iStock_000011266399XSmallUnder the CARD Act of 2009, credit card issuers are prevented from advertising credit cards to students, and even 18 year-old students cannot get credit cards unless they have either an income or a co-signer.

But two prepaid credit cards are now available to youths aged 13 and up.

Parents are finding these cards to be both a convenience and a safety measure. For kids who lose things (like cash), they provide the security of being able to call and have the card number cancelled. For kids who are traveling away from home they provide peace of mind – because they can have quick access to emergency funds via a transfer from a parent’s account.

Parents who are trying to teach sound money management are using these pre-paid cards to distribute allowances, and urging their teens to make budgets, and track their own spending habits via on-line statements.

The two cards are the Facecard Prepaid MasterCard® and the UPSIDE VISA® debt free prepaid card.

The Facecard Prepaid MasterCard® carries a $3 monthly fee – unless you load $100 per month of new funds or spend $100 using the card.

As an incentive to spend (is this good?), the Facecard offers “Prewards” – which are digital incentives similar to coupons that are automatically added to the Facecard when a user clicks on “accept” after receiving an e-mail notice. These are incentives that card users can cash at restaurants and stores during a pre-set time frame. They could be anything from a “buy one get one free” offer for tacos to a discount on a music CD.

The Teen Facecard cannot be used to purchase alcohol, tobacco, adult entertainment, firearms, or ammunition.

But the Facecard isn’t just for teens. This card offers both direct deposit from paychecks and automated bill pay – so consumers who have trouble remembering to pay bills on time can avoid late charges on their monthly bills.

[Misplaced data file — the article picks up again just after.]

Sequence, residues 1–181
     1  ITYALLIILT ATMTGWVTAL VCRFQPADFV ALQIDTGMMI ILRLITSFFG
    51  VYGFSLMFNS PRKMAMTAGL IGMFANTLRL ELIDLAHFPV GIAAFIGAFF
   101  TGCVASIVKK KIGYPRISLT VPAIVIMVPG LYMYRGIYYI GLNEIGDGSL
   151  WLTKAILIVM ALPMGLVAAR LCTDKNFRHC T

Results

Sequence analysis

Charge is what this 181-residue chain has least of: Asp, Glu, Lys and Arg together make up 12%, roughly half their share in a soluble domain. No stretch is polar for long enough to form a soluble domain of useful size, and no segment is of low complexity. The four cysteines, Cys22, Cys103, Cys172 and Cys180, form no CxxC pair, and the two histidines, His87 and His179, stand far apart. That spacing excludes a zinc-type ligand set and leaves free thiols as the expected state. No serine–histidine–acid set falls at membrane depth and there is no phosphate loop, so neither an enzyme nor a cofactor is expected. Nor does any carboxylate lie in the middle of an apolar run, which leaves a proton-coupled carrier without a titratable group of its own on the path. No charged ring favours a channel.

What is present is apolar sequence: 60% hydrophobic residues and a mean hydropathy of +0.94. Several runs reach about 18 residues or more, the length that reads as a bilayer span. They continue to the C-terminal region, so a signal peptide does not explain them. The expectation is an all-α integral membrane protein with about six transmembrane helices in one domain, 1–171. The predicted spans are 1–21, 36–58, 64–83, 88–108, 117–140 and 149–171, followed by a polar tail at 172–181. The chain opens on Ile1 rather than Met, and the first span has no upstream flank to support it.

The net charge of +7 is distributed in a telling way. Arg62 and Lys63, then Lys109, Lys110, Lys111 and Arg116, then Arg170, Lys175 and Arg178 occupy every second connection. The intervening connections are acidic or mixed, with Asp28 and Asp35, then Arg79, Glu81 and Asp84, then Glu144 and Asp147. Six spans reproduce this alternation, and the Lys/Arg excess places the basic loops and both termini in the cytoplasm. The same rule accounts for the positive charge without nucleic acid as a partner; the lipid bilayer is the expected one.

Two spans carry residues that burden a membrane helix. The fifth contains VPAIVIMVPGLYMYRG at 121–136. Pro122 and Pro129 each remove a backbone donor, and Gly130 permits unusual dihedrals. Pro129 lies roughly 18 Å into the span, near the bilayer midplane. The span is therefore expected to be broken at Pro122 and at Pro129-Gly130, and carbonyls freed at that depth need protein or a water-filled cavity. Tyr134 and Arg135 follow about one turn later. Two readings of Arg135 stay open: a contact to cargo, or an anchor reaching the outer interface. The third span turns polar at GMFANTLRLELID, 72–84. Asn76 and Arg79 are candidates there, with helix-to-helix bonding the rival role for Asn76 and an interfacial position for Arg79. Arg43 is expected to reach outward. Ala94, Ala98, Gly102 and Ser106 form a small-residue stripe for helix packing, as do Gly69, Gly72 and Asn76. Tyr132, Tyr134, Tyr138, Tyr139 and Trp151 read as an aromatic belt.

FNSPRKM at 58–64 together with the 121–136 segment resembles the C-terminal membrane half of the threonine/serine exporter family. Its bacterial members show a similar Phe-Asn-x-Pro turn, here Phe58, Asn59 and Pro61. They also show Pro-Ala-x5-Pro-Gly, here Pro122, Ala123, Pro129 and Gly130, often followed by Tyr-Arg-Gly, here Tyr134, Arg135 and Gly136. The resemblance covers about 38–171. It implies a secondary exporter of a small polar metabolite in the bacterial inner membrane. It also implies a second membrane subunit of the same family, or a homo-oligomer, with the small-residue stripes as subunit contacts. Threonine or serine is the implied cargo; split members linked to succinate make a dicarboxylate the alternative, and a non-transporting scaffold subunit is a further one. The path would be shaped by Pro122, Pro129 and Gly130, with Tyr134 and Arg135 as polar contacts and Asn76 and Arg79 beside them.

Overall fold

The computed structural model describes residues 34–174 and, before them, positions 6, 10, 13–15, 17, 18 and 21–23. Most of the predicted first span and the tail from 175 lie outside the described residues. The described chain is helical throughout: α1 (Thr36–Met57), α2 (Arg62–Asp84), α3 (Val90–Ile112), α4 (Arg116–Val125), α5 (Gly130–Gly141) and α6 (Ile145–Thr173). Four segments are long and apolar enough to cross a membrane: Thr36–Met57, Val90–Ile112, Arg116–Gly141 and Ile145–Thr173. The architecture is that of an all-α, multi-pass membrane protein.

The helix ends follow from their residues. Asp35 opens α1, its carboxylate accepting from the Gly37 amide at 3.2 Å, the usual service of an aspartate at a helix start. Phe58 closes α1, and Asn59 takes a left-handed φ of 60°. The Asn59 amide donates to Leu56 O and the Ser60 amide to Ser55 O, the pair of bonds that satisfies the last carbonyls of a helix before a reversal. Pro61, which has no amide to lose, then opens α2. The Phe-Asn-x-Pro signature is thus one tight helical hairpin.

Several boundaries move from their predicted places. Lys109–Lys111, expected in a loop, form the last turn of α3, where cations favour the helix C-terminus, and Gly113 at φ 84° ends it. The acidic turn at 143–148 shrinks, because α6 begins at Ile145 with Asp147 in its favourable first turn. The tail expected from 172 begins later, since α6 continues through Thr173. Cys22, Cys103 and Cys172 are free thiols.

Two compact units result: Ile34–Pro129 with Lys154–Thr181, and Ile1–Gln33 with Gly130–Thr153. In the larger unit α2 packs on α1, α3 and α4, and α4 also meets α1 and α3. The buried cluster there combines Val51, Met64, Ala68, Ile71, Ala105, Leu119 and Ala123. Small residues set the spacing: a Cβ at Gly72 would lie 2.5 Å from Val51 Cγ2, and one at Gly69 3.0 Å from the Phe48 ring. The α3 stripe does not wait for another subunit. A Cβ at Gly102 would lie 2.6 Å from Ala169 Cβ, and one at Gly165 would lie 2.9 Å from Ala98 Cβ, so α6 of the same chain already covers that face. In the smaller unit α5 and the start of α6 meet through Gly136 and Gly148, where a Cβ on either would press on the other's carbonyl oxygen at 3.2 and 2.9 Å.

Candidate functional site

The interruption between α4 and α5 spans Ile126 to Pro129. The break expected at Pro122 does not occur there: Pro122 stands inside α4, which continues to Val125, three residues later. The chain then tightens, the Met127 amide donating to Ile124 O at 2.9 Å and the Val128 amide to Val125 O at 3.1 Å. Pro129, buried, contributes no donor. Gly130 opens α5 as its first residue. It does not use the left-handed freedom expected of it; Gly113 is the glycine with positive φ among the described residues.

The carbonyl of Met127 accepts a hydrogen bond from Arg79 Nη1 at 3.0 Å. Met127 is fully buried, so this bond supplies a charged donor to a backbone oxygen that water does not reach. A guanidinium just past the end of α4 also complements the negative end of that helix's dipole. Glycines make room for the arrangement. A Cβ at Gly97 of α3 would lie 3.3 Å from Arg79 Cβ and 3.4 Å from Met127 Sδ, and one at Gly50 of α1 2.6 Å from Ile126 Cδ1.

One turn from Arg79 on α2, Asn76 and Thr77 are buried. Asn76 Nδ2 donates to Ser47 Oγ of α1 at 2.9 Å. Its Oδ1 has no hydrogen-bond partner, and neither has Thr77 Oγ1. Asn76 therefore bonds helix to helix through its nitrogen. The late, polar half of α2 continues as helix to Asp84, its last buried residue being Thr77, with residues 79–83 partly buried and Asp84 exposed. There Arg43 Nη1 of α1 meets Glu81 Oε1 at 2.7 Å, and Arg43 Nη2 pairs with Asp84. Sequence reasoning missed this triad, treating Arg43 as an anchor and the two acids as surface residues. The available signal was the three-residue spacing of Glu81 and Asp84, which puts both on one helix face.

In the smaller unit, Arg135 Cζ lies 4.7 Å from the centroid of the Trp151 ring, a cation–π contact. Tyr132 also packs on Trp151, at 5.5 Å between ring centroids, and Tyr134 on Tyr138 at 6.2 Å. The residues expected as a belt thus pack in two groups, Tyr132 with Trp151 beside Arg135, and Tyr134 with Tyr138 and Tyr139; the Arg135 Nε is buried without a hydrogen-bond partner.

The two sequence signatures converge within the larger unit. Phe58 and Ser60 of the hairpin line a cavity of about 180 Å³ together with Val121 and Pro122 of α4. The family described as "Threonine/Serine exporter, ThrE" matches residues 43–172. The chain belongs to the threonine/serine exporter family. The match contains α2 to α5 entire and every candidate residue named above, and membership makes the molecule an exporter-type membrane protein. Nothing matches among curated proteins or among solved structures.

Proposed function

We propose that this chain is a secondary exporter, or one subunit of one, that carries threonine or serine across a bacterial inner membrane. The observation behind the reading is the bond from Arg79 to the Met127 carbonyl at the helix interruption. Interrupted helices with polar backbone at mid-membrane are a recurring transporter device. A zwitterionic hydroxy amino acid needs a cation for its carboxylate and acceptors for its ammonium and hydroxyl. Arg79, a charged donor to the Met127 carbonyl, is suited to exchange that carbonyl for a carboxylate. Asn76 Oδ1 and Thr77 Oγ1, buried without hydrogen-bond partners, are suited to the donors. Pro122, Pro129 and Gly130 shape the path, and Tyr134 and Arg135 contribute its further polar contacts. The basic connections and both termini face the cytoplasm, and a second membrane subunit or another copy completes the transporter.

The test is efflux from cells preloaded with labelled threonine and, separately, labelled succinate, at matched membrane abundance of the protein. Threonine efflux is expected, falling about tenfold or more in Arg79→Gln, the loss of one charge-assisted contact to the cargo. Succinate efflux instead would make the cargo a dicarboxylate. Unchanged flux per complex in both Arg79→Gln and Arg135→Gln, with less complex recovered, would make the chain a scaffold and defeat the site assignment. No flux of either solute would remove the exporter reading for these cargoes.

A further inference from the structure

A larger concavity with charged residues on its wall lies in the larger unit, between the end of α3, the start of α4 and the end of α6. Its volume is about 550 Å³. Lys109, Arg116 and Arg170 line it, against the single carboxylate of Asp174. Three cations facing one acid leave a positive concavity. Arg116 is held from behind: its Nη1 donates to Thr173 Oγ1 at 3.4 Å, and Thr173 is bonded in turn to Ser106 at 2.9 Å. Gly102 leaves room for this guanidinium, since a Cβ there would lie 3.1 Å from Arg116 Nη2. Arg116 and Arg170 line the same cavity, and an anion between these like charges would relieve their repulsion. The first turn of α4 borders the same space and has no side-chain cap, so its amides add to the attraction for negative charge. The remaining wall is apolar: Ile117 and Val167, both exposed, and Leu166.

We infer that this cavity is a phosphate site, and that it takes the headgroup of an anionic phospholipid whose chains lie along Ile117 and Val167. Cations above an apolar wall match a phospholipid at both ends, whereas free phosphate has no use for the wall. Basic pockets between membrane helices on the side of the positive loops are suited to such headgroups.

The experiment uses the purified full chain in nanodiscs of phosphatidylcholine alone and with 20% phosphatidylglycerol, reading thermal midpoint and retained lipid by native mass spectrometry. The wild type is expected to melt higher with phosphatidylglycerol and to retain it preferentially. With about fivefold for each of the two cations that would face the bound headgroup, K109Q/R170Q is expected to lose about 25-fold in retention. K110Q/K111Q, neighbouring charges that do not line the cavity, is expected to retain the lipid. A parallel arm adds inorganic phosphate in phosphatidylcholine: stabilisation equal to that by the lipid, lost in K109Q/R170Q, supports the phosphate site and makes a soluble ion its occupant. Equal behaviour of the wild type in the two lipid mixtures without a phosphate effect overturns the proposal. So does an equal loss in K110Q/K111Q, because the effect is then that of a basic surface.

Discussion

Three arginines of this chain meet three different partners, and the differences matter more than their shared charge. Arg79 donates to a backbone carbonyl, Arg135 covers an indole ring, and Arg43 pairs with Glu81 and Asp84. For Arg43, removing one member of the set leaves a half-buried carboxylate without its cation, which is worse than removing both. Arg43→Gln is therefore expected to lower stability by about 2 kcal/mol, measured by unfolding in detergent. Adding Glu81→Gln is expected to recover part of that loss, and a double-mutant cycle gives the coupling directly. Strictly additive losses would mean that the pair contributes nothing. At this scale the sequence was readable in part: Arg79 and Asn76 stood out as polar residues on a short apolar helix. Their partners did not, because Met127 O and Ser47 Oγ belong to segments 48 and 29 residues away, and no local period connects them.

The UPSIDE VISA® debt free prepaid card offers three different plans, the first of which is free.

The basic plan allows for a maximum balance of $1,000 and comes with no activation fee, no monthly fee, and no fee for loading from a parents checking account.  It doesn’t allow ATM withdrawals.

The Upside Access plan carries a monthly fee of $2.95, and allows ATM withdrawals and a maximum balance of $2,000.

Upside Edge allows a balance of $5,000 and an annual fee of $29.95 which will be waived if cumulative loads reach $2,900. It also provides free direct deposit from the child’s employer and online check writing for students aged 18 to 25.

The UPSIDE VISA® card is only available for consumers aged 13 to 25.

All three of these plans give parents real-time Internet access to their child’s transactions, so both parents and their children always know the current balances on the card, as well as where and how money is being spent.

Author: Marte your resource for credit cards, credit reports and credit news.

Creditor Address Q & A

Tuesday, June 1st, 2010



How do I locate the business reporting past due accounts? Can Experian provide me their address and telephone numbers?

Michele Davis


Hi Michele,

the address of the creditor will be on your credit report that you pulled. Typically depending on the type of credit report you pulled; all creditor and collection companys numbers are after the last page of activity. If you find there are no number or address for the creditor, I would call information to get that late payment fixed. Late payments will ruin your credit score.

Mike Clover

Disclaimer: This information has been compiled and provided by as an informational service to the public. While our goal is to provide information that will help consumers to manage their credit and debt, this information should not be considered legal advice. Such advice must be specific to the various circumstances of each person's situation, and the general information provided on these pages should not be used as a substitute for the advice of competent legal counsel.